The Curious Case of Artemus Ward
by A Latter-day Bluestocking
“The village from which I write to you is small. It does not contain over forty houses, all told; but they are milk-white, with the greenest of blinds, and for the most part are shaded with beautiful elms and willows. To the right of us is a mountain to the left a lake. The village nestles between. Of course it does, I never read a novel in my life in which the villages didn’t nestle. Villages invariably nestle. It is a kind of way they have.” (Affairs Around the Village Green)
I have returned to the village, Waterford, Maine, in which my grandmother was born and where I lived when I was born. Albeit, the elms are now gone, a victim of Dutch Elm Disease, but it is still a “small and nestling” place. I climb the mountain and swim in the lake. It is a village my family have returned to practically every summer. My grandmother lived there year-round as does my sister now. I am drawn to it as a migratory bird is drawn back to its nesting grounds. It is a place that renews my soul and the one place I truly feel is home.
Ever since I could remember, there has been a sign on the common which mentions the founding of the village, when it was incorporated, and the fact that it was the birthplace of Artemus Ward (April 26, 1834–March 6, 1867). As a snot-nosed kid, this fact did not mean much to me but one day I discovered a book, Works by Charles Farrar Brown, amongst the shelves at my grandparents’ home. As I was flipping through it I found that the author of the stories wrote under the pen-name of Artemus Ward. That large house across the common was where this once anonymous person was born. Funny, who knew? I hadn’t.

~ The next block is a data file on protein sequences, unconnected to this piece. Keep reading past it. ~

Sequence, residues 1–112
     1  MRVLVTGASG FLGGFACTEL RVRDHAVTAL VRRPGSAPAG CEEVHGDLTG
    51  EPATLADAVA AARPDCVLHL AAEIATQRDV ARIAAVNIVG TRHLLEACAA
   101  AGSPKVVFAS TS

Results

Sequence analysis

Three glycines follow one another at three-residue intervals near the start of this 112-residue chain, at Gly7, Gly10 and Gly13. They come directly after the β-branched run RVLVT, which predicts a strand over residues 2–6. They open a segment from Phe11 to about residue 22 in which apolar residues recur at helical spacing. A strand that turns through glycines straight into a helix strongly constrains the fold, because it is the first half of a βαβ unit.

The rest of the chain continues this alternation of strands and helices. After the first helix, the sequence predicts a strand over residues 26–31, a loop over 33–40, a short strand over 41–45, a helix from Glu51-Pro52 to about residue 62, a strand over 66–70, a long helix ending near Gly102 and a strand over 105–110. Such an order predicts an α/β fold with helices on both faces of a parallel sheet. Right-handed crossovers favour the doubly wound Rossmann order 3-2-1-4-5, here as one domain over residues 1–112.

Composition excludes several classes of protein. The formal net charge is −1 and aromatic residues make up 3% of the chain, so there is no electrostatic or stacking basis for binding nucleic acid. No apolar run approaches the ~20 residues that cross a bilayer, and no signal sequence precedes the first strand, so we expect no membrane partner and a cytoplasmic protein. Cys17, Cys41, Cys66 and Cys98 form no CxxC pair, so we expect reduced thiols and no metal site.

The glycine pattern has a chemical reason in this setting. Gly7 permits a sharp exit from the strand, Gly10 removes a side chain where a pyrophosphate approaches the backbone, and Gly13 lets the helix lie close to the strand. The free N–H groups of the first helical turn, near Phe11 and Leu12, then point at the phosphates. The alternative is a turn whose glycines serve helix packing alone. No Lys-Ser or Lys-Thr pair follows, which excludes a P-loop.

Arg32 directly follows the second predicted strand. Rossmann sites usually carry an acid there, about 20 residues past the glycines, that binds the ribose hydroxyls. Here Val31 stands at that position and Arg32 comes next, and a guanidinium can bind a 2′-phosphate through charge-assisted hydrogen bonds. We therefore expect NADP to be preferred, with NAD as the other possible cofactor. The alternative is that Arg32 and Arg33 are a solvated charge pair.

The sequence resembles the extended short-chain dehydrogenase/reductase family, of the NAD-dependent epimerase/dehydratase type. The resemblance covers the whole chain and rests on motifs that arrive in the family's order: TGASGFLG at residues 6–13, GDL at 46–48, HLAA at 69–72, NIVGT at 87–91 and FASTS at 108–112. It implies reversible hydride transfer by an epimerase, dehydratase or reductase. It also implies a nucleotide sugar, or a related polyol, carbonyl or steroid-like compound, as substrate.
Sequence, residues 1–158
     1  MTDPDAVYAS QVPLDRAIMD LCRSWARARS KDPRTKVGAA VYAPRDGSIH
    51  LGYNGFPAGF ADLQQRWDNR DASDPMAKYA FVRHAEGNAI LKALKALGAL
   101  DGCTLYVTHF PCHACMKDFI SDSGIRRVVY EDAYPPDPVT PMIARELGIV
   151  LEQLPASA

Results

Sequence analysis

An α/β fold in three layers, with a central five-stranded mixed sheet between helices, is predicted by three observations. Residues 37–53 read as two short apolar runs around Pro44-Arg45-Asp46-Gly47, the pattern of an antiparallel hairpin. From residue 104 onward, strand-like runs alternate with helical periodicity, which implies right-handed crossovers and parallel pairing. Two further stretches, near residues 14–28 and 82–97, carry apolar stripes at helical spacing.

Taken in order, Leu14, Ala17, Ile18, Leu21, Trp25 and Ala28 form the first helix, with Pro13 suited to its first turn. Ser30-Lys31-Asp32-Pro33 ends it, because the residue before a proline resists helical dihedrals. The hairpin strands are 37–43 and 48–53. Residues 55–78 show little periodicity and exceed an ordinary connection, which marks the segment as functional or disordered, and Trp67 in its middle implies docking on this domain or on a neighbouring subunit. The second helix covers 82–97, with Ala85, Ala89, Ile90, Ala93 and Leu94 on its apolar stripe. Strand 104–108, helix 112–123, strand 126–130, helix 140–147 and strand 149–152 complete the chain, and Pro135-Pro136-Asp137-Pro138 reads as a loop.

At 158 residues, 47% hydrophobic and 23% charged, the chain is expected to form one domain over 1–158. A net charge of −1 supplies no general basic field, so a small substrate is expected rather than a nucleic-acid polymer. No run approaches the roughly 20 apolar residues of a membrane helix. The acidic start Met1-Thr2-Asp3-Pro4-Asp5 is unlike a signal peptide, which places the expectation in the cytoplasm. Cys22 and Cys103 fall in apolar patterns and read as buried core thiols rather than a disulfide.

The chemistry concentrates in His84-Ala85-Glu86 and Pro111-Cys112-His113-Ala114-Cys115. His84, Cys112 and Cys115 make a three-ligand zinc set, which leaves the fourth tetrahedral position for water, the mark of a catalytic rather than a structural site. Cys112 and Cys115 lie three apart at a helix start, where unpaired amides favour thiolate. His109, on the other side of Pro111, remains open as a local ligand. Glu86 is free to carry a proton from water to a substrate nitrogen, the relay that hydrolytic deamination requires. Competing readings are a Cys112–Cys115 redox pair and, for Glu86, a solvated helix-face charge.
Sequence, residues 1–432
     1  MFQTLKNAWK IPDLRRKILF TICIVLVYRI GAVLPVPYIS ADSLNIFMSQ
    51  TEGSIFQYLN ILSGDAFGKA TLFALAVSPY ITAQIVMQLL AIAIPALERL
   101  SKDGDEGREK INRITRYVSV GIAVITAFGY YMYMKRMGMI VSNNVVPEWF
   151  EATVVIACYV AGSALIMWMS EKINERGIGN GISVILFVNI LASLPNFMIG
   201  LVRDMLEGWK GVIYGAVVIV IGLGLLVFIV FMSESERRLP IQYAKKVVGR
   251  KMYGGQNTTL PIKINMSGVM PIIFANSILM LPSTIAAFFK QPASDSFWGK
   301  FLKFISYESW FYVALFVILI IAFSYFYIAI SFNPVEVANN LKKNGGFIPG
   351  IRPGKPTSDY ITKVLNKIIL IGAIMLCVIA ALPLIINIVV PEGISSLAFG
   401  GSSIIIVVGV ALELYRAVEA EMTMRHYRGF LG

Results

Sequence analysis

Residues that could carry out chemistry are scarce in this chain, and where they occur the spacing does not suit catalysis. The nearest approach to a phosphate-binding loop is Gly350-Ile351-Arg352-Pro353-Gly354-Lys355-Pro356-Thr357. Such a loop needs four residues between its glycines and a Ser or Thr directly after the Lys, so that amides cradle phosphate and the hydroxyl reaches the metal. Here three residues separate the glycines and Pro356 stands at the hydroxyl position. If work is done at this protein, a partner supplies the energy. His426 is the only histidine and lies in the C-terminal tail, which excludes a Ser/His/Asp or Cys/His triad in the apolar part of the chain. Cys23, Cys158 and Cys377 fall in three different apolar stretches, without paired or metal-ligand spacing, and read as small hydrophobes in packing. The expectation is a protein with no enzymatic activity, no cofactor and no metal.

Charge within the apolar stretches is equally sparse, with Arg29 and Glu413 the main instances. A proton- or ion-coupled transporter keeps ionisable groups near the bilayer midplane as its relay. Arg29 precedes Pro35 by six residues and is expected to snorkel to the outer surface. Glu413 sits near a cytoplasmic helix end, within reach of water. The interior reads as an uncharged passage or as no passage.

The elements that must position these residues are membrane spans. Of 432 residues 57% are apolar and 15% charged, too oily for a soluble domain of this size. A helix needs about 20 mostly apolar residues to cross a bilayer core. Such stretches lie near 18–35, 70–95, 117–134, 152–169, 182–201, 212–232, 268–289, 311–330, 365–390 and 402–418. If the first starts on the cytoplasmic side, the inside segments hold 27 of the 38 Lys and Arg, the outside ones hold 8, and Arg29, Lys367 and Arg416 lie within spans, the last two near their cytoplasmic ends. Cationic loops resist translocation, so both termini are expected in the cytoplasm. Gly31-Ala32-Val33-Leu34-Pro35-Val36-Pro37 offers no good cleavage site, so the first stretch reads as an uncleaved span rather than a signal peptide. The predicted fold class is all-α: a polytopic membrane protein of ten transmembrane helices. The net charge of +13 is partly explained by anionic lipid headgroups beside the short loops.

Charles Farrar Browne or Artemus Ward was a humor writer and a very popular one, apparently. He was widely read in the United States as well as Great Britain and was in England, on a reading tour, when he became very ill and died at the age of 32. He was one of Abraham Lincoln’s favorite writers and it is alleged that he read to his cabinet one of Ward’s articles before getting down to the business of presenting his Emancipation Proclamation. Artemus Ward was also said to have inspired his contemporary, Samuel Clemens, better known as Mark Twain.
“Why stay in New York when I had a village green? I gave it up, the same as I would an intricate conundrum and, in short, I am here.”